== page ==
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Z-6 helicopter

Soon after the Z-5 development project was completed, China began efforts to develop an indigenous helicopter independently. Based on the military Services' conversion requirement and to make up Z-5's deficiency, e.g. insufficient power, poor performance at high temperature and high altitude and low payload, the Harbin Aircraft Factory began to develop the first indigenous helicopter Z-6 helicopter in 1966. The development work was transfered to a newly founded Helicopter Design and Research Institute in 1968. Compared to the piston-powered Z-5/Mi-4, the Z-6 helicopter had many advanced features, including a 1,618 kW Wozhou-5 turboshaft engine, which provided for a larger payload, and less vibration and noise. The blades and fuselage were re-designed to achieve better performance in highland regions. The Z-6 also borrowed many mature features and technologies from the Z-5's design, including the rear hatch, tail boom and fin.

The Z-6 was primarily intended to carry airborne troops in the frontline, with a fuselage to accommodate 12 soldiers. It is a general purpose helicopter but is mainly used for airborne landing. It can also be converted to adapt different mission requirements. The Z-6 helicopter is powered by a WZ5 turboshaft engine which is installed at the top of the fuselage. It has a maximum take-off weight of 7,600 kg, a payload of 1,200 kg, a maximum speed of 192 km/h and a ferry range of 650 km.

The first prototype (No.6001) of the Z-6 was completed in 1967 for static tests. In 1968, the Z-6 project was officially authorized by the PLA and Chinese Government. On December 15, 1969 pilot Wang Peiming flew the Z-6 for its first time. Prior to the first flight he simulated the sudden shutdown of the engine and the autorotation for three times to ensure the successful first flight. The simulation not only tempered the pilot but also further verified the theoretical analysis. On 25 December 1969 the second Z-6 prototype No.6002 made its first flight.

In 1970 many provinces made great efforts to develop their own aviation industry. The development and the production of the Z-6 were thus transfered to Jiangsu province and Jiangxi province. A situation was formed in which three provinces with a common syllable "jiang" (i.e. Heilongjiang, Jiangsu and Jiangxi) were involved in the Z-6 program. Jiangsu province organized 7 cities, 6 prefectures and more than 470 factories to coordinately work on the Z-6 program. The Hongzhuang Machinery Factory in Changzhou was responsible for final assembly and a total of 11 Z-6s were successively constructed.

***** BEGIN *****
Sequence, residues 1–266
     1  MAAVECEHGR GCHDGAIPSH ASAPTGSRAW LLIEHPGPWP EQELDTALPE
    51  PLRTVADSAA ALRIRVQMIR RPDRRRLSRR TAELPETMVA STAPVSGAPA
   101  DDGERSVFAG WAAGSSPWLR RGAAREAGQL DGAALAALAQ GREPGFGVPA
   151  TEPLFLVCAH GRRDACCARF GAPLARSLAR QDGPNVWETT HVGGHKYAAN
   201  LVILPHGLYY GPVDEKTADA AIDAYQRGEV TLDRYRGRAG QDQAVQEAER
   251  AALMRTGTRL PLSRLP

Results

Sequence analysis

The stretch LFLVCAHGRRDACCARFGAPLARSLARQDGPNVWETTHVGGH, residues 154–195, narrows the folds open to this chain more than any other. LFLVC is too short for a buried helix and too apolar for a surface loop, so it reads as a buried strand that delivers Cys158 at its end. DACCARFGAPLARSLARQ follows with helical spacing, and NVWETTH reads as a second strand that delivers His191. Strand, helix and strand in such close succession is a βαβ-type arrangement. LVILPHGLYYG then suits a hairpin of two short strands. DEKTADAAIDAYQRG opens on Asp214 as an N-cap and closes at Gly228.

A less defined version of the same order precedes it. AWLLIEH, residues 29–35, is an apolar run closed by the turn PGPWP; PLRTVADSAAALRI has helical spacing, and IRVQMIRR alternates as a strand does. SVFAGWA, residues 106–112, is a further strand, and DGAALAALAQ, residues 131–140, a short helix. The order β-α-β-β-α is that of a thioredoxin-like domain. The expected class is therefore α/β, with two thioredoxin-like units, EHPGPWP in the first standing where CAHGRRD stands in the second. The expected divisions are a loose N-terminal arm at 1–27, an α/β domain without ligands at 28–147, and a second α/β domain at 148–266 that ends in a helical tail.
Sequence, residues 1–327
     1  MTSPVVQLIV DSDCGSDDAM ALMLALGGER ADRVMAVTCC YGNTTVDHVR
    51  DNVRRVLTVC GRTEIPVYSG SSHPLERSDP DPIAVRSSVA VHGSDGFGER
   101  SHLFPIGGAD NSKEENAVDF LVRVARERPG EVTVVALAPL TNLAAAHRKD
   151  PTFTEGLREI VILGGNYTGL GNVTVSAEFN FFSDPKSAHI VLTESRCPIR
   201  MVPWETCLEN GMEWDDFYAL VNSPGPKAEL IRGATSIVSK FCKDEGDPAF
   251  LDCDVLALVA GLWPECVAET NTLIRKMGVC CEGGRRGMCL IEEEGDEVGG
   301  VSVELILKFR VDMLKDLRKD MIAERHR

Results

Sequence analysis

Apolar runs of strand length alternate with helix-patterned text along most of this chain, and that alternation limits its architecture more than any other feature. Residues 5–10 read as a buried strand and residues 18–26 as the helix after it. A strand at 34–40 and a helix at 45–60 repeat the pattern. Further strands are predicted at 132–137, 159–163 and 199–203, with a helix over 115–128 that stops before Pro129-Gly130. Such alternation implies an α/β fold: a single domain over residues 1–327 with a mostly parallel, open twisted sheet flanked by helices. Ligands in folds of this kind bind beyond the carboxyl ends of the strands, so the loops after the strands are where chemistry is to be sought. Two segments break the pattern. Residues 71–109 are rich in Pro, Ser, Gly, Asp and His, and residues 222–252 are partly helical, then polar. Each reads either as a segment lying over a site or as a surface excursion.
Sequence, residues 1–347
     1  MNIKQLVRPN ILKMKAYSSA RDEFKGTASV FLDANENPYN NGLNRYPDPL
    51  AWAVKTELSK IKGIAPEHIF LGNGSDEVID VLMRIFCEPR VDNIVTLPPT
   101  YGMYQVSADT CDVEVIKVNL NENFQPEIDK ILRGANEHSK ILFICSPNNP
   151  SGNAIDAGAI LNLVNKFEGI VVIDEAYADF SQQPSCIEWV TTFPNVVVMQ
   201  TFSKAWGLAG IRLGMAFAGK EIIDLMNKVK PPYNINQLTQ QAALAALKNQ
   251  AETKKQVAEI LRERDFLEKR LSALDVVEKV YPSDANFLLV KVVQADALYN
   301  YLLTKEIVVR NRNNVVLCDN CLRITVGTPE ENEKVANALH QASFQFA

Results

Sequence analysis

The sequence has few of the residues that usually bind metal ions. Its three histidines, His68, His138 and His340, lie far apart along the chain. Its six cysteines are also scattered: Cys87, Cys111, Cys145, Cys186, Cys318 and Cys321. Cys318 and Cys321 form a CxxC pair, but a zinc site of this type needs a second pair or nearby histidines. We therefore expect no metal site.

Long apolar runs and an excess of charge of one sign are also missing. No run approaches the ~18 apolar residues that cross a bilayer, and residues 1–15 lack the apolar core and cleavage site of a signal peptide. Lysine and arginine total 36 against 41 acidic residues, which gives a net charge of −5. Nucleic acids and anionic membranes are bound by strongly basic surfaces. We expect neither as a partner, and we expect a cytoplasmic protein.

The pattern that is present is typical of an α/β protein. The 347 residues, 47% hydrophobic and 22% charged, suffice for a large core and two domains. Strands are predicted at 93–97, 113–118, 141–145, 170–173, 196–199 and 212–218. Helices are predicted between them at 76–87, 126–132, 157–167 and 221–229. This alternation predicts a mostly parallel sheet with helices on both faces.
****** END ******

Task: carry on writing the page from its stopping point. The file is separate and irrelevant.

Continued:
From 1970, the Z-6 program was relocated to the newly founded Changhe Aircraft Factory (now Changhe/Jingdezhen Aircraft Industry Corporation ) in Jiangdezhen, Jiangxi, which later became the second largest helicopter manufacturer in China.

On August 7, 1972 a Z-6 crashed near Gongzhuling, Jilin province and all 6 people onboard including pilot Fu Guifa died in the accident. The accident was caused by the jam of a shaft inside the engine gear box. The disastrous and bloody lessons were learnt from the accident and 11 design improvements to the helicopter and the engine were made afterwards. Several technical problems, e.g. severe vibration, overtemperature of the oil, over high idle engine power, jam between the rotor and the oil separator and insufficient tail rotor thrust were tackled by the technical people one after another in the development process. In 1977 the State Council and the Military Commission of CCCPC formally issued a design certificate to the Z-6 helicopter.

The Z-6 helicopter was type classified in 1977, by which time 15 helicopters had already built. Despite being a technologically sophisticaed design, the Z-6 program was cancelled due to various reasons, including unsatisfying performance and poor reliability. The failure of the Z-6 program resulted in a serious setback in the development of the Chinese helicopter industry. From 1978 to 1989, the Chinese helicopter industry took part in a series of international co-operations with Western partners.

One significant step from the piston-engined helicopter to the tuboshaft-engined helicopter was taken in the Z-6 program, but unfortunately it was not able to be put into serial production because the improper engine selection and the less safety inherent in a single engine helicopter.




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Page last modified: 11-07-2011 02:49:06 ZULU